Hairline Tooth Fractures (Cracks): Causes, Symptoms, and Treatment

Hairline Tooth Fractures (Cracks): Causes, Symptoms, and Treatment
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Table of Contents

  1. What are Hairline Fractures?
  2. Causes
  3. Symptoms
  4. Diagnosis
  5. Treatment
  6. Frequently Asked Questions
  7. References

Having a hairline tooth fracture can be a serious ordeal, especially when the condition is severe. Various factors such as age can cause tooth fractures.

It might take some time for symptoms to show, but it is impossible to miss them when they do. Your front teeth and at the back of the lower jaw are the most common locations for cracks. But fear not: your teeth should go back to normal after treatment.

Cracked tooth syndrome primarily affects adults between ages 30-50, with a 31-74 percent incidence rate. See an endodontist as soon as symptoms start to show.

What Are Hairline Fractures?

Also known as cracked tooth syndrome, hairline fractures present with the appearance of obvious cracks in your teeth. Hairline teeth fractures can be mild to severe. Children and older people are at a higher risk of developing fractured teeth.

Tooth fractures can happen on the crown above the gum or in the roots below the gum. Hairline fractures affect some or all of the layers in the crown and root. They can occur in four ways:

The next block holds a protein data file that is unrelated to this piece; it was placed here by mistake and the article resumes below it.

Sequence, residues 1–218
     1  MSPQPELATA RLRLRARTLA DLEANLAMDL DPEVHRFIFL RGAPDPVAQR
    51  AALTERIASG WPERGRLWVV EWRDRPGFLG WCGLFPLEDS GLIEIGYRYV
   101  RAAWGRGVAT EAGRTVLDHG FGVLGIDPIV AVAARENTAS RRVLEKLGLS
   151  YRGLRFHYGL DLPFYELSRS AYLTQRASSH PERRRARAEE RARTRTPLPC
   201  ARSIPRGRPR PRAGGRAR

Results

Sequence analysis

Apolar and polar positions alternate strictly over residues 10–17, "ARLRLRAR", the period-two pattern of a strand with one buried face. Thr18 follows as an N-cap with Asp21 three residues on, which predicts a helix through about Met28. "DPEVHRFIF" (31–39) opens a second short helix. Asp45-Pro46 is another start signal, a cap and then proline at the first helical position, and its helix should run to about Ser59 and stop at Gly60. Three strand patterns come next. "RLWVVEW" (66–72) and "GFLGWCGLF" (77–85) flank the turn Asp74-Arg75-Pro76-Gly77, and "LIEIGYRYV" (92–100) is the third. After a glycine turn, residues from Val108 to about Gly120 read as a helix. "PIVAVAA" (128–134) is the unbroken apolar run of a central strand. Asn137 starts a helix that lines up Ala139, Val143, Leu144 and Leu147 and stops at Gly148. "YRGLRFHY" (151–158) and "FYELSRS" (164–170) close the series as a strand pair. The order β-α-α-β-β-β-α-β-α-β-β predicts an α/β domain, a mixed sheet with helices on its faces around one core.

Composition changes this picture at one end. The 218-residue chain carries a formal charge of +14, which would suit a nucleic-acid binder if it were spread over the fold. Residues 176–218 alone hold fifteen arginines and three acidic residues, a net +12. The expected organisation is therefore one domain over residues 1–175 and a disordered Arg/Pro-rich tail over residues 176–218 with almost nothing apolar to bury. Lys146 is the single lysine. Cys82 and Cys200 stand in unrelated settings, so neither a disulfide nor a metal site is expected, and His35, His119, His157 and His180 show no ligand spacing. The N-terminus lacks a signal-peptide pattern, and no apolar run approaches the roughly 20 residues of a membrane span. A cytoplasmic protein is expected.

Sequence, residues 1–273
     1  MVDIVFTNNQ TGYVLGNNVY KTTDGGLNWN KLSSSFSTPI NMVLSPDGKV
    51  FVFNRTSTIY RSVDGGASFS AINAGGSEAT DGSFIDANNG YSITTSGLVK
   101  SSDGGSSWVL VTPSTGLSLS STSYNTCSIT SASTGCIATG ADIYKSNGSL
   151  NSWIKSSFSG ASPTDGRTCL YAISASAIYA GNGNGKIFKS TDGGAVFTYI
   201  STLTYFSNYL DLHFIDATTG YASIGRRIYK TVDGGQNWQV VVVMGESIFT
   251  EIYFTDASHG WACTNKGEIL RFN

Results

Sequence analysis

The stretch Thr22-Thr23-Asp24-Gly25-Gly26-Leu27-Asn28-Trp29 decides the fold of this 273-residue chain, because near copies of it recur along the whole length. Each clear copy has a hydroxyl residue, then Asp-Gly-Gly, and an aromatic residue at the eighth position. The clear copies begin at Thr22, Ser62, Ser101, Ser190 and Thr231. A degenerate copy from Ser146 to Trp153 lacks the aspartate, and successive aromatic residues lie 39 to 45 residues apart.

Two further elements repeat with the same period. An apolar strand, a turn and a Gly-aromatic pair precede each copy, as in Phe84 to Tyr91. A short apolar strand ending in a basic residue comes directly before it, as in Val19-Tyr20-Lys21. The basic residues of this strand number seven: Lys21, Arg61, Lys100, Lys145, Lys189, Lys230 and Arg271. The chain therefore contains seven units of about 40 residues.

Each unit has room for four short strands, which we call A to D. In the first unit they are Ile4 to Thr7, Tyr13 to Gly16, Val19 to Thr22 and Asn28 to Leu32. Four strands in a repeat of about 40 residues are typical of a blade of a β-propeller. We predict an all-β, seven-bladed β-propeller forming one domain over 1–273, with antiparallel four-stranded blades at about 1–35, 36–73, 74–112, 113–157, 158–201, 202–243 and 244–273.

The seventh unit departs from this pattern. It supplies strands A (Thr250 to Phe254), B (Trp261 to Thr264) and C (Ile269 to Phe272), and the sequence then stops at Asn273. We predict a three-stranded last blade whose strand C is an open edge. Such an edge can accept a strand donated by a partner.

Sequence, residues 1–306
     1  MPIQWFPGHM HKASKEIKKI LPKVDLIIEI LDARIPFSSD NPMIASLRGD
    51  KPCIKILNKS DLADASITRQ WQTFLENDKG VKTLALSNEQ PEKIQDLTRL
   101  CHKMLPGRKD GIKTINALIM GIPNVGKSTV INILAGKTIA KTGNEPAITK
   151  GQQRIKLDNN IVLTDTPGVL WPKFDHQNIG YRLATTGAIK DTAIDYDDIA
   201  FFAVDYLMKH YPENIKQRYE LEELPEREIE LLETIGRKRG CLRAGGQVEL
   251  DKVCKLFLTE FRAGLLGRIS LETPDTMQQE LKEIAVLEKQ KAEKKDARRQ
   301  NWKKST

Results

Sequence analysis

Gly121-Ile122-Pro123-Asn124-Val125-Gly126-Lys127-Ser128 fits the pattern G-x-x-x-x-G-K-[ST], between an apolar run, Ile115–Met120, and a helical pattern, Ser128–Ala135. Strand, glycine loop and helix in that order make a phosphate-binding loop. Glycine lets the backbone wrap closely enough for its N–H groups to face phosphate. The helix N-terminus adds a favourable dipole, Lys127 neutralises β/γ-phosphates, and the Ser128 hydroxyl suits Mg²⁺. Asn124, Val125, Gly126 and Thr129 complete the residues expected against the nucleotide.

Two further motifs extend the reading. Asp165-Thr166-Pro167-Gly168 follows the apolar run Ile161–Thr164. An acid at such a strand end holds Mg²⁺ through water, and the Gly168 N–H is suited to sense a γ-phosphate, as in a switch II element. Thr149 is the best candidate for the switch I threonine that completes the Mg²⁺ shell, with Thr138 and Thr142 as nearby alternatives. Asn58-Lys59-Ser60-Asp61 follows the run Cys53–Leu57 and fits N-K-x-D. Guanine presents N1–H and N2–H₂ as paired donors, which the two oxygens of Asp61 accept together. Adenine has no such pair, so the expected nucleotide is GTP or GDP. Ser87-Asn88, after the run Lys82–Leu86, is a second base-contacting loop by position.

Cracked tooth.
This hairline tooth fracture runs from the biting edge towards the root. In some cases, the fracture may reach the gum line. The damage only occurs on the internal tissue of the tooth.
Split tooth.
If a cracked tooth goes untreated, it can develop into a split tooth. A fracture of this kind starts from the root to the biting surface.
Craze lines.
Craze lines are types of fractures that affect only the outer enamel of teeth. They are painless and common with adults. There is no need to rush for treatment with craze lines, as they are not severe.
Cracked cusp.
A cusp refers to the biting surface of a tooth. Damaged cusps result in broken teeth. Cracked cusps are often painful, especially when biting.

Causes

The most significant risk of fractured teeth is growing older. Teeth cracks are common in children and adults 50 years old and older.

Biting into hard things such as candy or popcorn can also cause hairline tooth fractures. Additionally, chewing gum or ice can result in fractured teeth.

If you experience teeth grinding (Bruxism), there is a strong likelihood you will suffer from fractured teeth. Also, heavy impact on teeth from falls, bike accidents, and violence may result in fractured teeth.

Additionally, cavities enhance the possibility of having fractured teeth even when there is minimal trauma.

Symptoms

Symptoms of fractured teeth usually show up when you are biting or chewing. Frequent dental checkups can help reveal signs before they manifest. That said, here are the common symptoms:

  • Fleeting pain: You will have a toothache when chewing or biting using cracked teeth.
  • Swelling: Swelling occurs in the gum surrounding the affected tooth. It could last a while when an abscess forms in the tooth as well.
  • Sensitivity: You will display sensitivity to extreme temperature and products heavy in sugar.

Diagnosis

The first step in diagnosing a hairline tooth fracture is to identify the symptoms. You can also diagnose yourself by looking for the signs, but a healthcare provider should have the final say.

Usually, dentists ask questions about specific activities contributing to fractured teeth.

They also ask about your dental history to help place the origins of the fracture, which eventually helps with treatment. After that, the dentist will look for broken or avulsed teeth.

Dentists use a stick for patients to bite down on to find pain areas and inspect teeth for crack lines. A gum examination follows to examine the severity of a crack.